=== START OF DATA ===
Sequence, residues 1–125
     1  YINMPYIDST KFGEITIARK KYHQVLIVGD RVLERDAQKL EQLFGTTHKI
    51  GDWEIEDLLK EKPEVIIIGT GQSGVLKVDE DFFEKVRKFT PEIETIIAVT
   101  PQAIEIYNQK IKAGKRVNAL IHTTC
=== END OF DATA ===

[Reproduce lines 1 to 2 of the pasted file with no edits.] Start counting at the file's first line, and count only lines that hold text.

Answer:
Sequence, residues 1–125
     1  YINMPYIDST KFGEITIARK KYHQVLIVGD RVLERDAQKL EQLFGTTHKI